Tuesday 12 December 2017

Tragic end to a brave feminist's short, inspiring life

Eleanor Marx, A Life
Rachel Holmes
Bloomsbury €37.25

Eleanor Marx
Eleanor Marx

Rosita Sweetman

What could be more satisfying than a really good biography? In Eleanor Marx, A Life author Rachel Holmes has delivered a cracker.

It helps that her subject was the daughter of a very famous father, Karl Marx, that she was beautiful and intelligent, pivotal to the social and political movements of her day, and that despite being a lifelong feminist she fell in love with a cad who dished out years of misery and almost certainly murdered her.

Regardless, Eleanor Marx achieved an incredible amount in her short lifetime. We can thank Eleanor says Holmes - "and men and women like her, for the eight hour day. The outlawing of child labour. Access to equal education. Freedom of expression. Trade unions. The universal suffrage. Democratically elected parliamentary representation. Feminism".

Not a bad legacy, especially in these corporate times when the "undermining of employment rights, socially stigmatizing the poor, blaming the sick, demonising immigrants, betraying child labourers, polluting the environment in the name of surplus value …" is part and parcel. Still, this is no book of gloom; or unmediated politics. The sensationally chaotic Marx household where Eleanor grew up (Karl and Jenny Marx had been driven out of Paris) in Dean Street, Soho, London was then home to the poor, the prostitutes, the gamblers and the pawnshops.

Eleanor, or 'Tussy' as she was known to family and friends, was her father's favourite, and happily rode piggy back on his broad frame while he chain smoked and formulated Das Kapital, "surviving on booze, insomnia and tobacco". She was home schooled in a house where three languages were spoken, social politics were passionately discussed along with music, theatre and the arts, where her mother believed (against most of her class and kind) that children should be free, and where her father unlocked the real secret of education - 'to try and think, to try and understand for herself'.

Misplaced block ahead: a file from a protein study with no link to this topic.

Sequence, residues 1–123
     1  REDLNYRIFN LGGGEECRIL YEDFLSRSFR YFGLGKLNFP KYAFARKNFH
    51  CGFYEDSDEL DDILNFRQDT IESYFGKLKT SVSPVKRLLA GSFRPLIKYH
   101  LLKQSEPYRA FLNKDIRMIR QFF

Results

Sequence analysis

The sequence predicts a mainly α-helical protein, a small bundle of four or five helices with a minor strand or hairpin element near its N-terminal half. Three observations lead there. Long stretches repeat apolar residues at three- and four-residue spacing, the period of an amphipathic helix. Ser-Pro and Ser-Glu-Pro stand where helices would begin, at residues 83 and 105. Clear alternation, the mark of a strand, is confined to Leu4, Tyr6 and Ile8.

Life was peopled with the stalwarts of British Socialism. Engels (Marx's life long friend and supporter left a legacy especially for Eleanor), George Bernard Shaw, Havelock Ellis, Olive Schreiner, Will Thorne, William Morris were all confidantes, and she lived the socialism her beloved father had theorised putting feminism, (as she saw it equal pay for women) at its centre.

She helped found the first women's trade union at Silverton, supported the Bryant and May match children's strike, the Gas workers strike, the glassblowers strike, the Crosse and Blackwell strike (where women put in 14 hour days, up to their elbows in vicious chemicals). She supported the Irish land struggle and travelled across Europe, and twice to America - on a fifteen states speaking tour, supporting condemned anarchists, striking workers and cowboys (they weren't allowed form unions). All this as well as being her father's secretary, confidante and help mate.

Shortly after her mother's and then her father's heart breaking deaths her cad -Edward Aveling - made his move.

The youngest sickly son of a Congregationalist preacher he had previously married and left another woman he thought he could live off, and cleverly presented himself as a socialist soul-mate to generous, life-loving Eleanor. To the horror of her family and friends, she succumbed.

Our own George Bernard Shaw, himself once interested in Eleanor, dubbed Aveling 'a reptile.' After years of infidelity and double dealing, he secretly married a 23 year old.

Eleanor, finally roused, changed her will. On the morning of March 31st 1898 there was an argument. Then, Gertie, Eleanor's loyal companion was sent to the chemist for chloroform and Prussic acid 'for the dog'.

When the unsuspecting Gertie went to her beloved mistress's room an hour later she found her purple, and dead. Aveling was nowhere to be seen.

At the subsequent inquest he described Eleanor as 'suicidal' and spent the last of Engel's legacy to her on lavish fittings for his new home.

Rachel Holmes has stitched her extraordinary story into the fabric of British Victorian society. And Eleanor is brought to life so sympathetically, that despite the horrors and the sorrows (including the Big Family Secret - Karl had a love-child with his wife's lifelong live-in friend) and her terrible end, you feel so glad to have "known" her.


Eleanor Marx, A LIFE

Rachel Holmes


Sunday Independent

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